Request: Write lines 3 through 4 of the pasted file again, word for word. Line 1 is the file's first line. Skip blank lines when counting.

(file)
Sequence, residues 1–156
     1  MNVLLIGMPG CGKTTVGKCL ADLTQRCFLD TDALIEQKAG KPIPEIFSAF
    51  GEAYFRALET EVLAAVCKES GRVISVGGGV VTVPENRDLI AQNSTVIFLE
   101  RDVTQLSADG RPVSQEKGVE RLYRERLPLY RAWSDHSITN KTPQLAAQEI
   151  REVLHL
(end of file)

    51  GEAYFRALET EVLAAVCKES GRVISVGGGV VTVPENRDLI AQNSTVIFLE
   101  RDVTQLSADG RPVSQEKGVE RLYRERLPLY RAWSDHSITN KTPQLAAQEI